Today is Armistice Day. I wanted to mark it despite our busy committee weekend and the fact that it prevents me from joining the Remembrance Day Parade in Bridport tomorrow. I used to be quite conflicted about the poppy day symbols. I asked some friends if they were going this year and they said – “no, we are for peace, we don’t agree with war”. I think once I would have felt the same, as if the parade was “for war” somehow but I have changed my mind. I too am “for peace” and I suspect most people are when you get right down to it – especially the poor people on either side caught up in it through no fault of their own, whether soldiers or civilians. Being “for peace” does not negate the Act of Remembrance, which itself does not endorse war.
Neither Mart or I have family members that we know of who died in either world war, but when Mart’s mum died, among her things he found a simple, handmade aluminium ring with the word Ypres scratched into it. He says it brought him up short and despite not knowing where it came from, he has taken to wearing it once a year at the Remembrance Day Parade. A tangible link with the men who suffered there, in whatever way, alive or dead.
Remembrance Day gives us all a chance to remember not only those who died but those whose lives were destroyed in other ways. It also makes us think about how we work together for peace at all levels, and in any way that we can. I simply cannot understand why anyone would choose to be a soldier but I have to remember in this, as in all else, how different we are. Lack of understanding of difference can take us to dark places very quickly.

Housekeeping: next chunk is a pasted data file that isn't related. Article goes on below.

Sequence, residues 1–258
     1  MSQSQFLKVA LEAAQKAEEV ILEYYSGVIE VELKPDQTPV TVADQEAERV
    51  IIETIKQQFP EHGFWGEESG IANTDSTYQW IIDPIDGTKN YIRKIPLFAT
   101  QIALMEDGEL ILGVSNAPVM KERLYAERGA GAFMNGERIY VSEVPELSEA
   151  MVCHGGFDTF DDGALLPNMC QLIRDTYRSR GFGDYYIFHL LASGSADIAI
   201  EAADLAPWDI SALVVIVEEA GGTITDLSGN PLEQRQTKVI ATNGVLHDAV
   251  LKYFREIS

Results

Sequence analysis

I was very pleased to hear that the Mayor of Bridport was also holding a peace ceremony after the parade. But I still want to remember those who died and those who were caught up in the horrors of war, both then and now, and to remember to work in my own small way to create peace wherever I can.
Today the world feels like a particularly dangerous place, with divisions and hatred fostered among us. We have our part to play in keeping the peace.
Ali Tebbs is on Othona West Dorset's committee and is a long-time member and a trustee of The Othona Community.